To sum up, before you begin negotiations with the lender, you must analyze the cause of your financial problems, and you must understand the strengths of your workout plan and the strengths of a Chapter 11 case should the lender not accept your proposal. You must also understand the weaknesses of your workout plan and the possibilities of failure in Chapter 11. Let the negotiations begin ! The more complete your business plan is and the more realistic its performance assumptions, the more likely will you get a good audience with your lender. What you ask for in the workout is limited only by your imagination. Of course, to request forgiveness of a certain debt will probably be met with great resistance. But if you need to defer principal and interest payments for a given period, and your projections show such a deferral will put your company back on track, your lender may well accept your proposal.

Here is what to consider in structuring a loan workout:

* Reduction in the interest rate. Seek either a temporary reduction, with the rate increasing over time to a rate higher than in the original contract, or payment of a portion of the interest and accrual of the balance.

* Stretch-out of the principal payments. Negotiate for either temporary "cash flow" payments, with any missed payments on the back end of the note, or for a long term amortization schedule, with a later "bullet" payment.

* Controlled sale of assets. Seek either a mandatory sale of a portion of company assets, with all or a portion of the proceeds applied to the secured debt, or seek a sale of certain assets, with a built-in incentive that calls for every $1.00 turned over to the lender to be matched by $1.20 of credit on your indebtedness.

* Conversion of trade debt to equity. Seek to convert a portion of secured debt, giving your creditor warrants to your company in lieu of a higher interest rate, or seek deferral of principal payments.

* Secure unsecured loans. Negotiate to pledge certain assets to secure your loans. Provide guaranties from related or affiliated companies, and secure these guaranties with assets of the related company.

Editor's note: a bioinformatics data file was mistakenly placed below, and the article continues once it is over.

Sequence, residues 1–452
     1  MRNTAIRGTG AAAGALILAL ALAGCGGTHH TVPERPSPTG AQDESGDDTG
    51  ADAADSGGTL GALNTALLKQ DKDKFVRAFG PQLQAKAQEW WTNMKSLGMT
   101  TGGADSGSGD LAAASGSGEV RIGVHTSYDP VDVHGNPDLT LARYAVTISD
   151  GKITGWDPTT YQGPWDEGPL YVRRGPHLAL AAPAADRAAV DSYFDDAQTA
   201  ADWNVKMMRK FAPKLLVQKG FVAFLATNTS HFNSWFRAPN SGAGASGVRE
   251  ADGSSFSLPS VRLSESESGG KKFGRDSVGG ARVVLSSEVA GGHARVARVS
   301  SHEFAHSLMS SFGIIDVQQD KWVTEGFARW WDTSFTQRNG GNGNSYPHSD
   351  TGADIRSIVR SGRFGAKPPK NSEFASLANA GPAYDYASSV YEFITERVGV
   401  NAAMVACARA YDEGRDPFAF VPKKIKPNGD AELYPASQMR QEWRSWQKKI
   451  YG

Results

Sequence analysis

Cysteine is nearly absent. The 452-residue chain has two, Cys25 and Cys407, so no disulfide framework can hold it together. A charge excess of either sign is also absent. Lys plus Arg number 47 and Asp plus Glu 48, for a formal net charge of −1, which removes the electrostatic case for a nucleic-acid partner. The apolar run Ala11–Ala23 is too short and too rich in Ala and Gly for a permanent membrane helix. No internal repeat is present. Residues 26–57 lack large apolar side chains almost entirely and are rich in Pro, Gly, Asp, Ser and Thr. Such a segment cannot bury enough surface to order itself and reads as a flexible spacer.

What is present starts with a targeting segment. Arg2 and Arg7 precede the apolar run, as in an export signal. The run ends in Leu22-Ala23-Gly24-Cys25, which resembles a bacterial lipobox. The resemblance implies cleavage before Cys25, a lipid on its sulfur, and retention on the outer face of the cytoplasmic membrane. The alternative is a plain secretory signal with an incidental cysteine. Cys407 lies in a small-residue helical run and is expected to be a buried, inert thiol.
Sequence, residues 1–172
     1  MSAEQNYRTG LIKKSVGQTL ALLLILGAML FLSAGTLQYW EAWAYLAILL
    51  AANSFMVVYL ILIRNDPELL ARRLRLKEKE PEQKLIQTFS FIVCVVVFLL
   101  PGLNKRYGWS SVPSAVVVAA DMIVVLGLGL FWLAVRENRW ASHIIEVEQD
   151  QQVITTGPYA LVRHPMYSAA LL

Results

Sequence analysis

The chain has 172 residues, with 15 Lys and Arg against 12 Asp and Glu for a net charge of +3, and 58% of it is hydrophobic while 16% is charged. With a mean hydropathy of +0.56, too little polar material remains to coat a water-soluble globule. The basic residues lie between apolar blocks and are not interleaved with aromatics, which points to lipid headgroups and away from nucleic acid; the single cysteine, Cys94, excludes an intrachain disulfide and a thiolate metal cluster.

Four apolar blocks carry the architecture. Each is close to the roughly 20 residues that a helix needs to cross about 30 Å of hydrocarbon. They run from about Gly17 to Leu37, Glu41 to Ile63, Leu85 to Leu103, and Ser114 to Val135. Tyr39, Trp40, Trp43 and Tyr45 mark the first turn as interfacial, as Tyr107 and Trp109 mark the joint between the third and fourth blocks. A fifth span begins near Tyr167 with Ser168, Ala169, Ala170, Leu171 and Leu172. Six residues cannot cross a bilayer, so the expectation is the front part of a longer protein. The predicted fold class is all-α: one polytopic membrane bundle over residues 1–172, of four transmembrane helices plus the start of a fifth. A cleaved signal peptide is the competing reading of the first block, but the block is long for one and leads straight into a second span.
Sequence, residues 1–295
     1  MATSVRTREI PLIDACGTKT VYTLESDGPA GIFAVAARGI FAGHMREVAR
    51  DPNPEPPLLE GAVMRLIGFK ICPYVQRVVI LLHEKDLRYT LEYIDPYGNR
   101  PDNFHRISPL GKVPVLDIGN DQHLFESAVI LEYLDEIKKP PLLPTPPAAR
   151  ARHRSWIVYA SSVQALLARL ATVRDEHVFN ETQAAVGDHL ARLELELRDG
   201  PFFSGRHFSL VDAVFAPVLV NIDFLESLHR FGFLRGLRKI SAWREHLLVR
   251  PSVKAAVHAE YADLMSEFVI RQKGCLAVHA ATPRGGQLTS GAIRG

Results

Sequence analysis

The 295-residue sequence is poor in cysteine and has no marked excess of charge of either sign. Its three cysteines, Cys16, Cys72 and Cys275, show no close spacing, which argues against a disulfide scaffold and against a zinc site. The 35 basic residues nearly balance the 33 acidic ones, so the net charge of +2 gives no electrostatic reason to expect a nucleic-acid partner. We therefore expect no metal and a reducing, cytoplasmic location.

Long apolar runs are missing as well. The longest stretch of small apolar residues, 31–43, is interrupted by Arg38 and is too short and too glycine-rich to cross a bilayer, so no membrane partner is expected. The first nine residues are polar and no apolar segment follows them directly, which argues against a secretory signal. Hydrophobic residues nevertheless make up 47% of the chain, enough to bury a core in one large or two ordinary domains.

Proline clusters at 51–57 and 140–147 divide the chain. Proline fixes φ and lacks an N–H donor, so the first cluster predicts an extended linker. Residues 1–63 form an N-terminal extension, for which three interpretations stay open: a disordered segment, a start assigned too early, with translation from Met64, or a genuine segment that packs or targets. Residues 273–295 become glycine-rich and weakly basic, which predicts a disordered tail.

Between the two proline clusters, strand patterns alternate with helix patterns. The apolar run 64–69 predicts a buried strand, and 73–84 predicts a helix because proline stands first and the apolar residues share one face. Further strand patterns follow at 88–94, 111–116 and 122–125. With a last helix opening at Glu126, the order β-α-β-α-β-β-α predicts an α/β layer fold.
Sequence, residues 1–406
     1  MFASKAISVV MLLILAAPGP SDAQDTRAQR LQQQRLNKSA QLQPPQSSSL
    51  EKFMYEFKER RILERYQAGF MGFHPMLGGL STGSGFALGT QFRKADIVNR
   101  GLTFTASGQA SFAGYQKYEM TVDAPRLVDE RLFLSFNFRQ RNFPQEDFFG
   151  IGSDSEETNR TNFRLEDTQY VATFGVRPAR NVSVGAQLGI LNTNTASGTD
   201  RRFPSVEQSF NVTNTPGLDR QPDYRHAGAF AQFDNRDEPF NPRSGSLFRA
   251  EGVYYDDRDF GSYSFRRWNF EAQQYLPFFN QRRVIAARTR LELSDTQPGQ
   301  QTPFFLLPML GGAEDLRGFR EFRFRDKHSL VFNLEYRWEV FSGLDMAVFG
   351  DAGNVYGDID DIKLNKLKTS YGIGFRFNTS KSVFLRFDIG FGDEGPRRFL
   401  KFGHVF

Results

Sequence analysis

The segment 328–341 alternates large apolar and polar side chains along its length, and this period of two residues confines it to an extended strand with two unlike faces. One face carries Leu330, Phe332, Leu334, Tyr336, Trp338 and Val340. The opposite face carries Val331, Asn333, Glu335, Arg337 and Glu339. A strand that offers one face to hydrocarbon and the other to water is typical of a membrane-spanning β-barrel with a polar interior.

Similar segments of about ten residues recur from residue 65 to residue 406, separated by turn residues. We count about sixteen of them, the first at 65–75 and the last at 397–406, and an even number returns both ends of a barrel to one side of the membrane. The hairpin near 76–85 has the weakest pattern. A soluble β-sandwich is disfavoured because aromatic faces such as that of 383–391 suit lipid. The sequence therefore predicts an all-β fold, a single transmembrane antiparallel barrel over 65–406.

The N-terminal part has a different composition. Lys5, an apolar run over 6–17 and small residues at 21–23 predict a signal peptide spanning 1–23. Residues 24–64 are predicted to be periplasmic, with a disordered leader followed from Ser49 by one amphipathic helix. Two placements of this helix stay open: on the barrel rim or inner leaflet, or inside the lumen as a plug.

* A turnover option. Negotiate either a turnover of certain assets to the lender to satisfy a portion of the debt or the ability to sell an asset in a specific time frame, with a turnover to the lender if you do not succeed.

* A Pre-packaged " Chapter 11. By cramming down the restructure on unsecured creditors, you may be able to give the trade or subordinated debt certain equity in the company to clean up the balance sheet. Seek a new amortization schedule to go with the secured debt.

Any combination of the above strategies is negotiable in a workout. But however well you negotiate, you should enter into a workout only if you believe you can meet its terms. if you don't believe that sales will improve as your projections state, if you don't believe you can sell certain assets at the price stated, or if you don't believe your company will be back on solid footing in the time stated, then the workout will fail.

Negotiating the first workout is trying enough, without entering into a second if your workout fails. if you believe your company will not survive bankruptcy, and if your lender is offering a realistic opportunity to work out your loan problems, you would be well advised to accept the lender's restructuring demands.

The key is realism

The aggressive acquisitions of the 1980s created an enormous number of defaulted loans. in your case, perhaps the projections you prepared and that your lender relied on were unrealistic. Whatever the reason, the workout scenario you now face can be physically and emotionally trying for both of you. But failure to implement a successful workout can force you to file for Chapter 11, an even more demanding process.

Your defaulted loan is probably one of 100 non-performing loans in your lender's portfolio. To expect to find a new lender under today's conditions is unrealistic. Thus, borrower and lender must work together to restructure the original loan.

What you need for this to happen is a realistic view of your company, its achievable goals, and its future performance. You can then negotiate a workout that has a high degree of certainty-and is likely to provide full payment to your lender. Ill

Katten Muchin Zavis & Weitzman is a Los Angeles law firm.
COPYRIGHT 1991 Financial Executives International
No portion of this article can be reproduced without the express written permission from the copyright holder.
Copyright 1991, Gale Group. All rights reserved. Gale Group is a Thomson Corporation Company.

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Title Annotation:Finance
Author:Pelliccioni, Daniel M.
Publication:Financial Executive
Date:Nov 1, 1991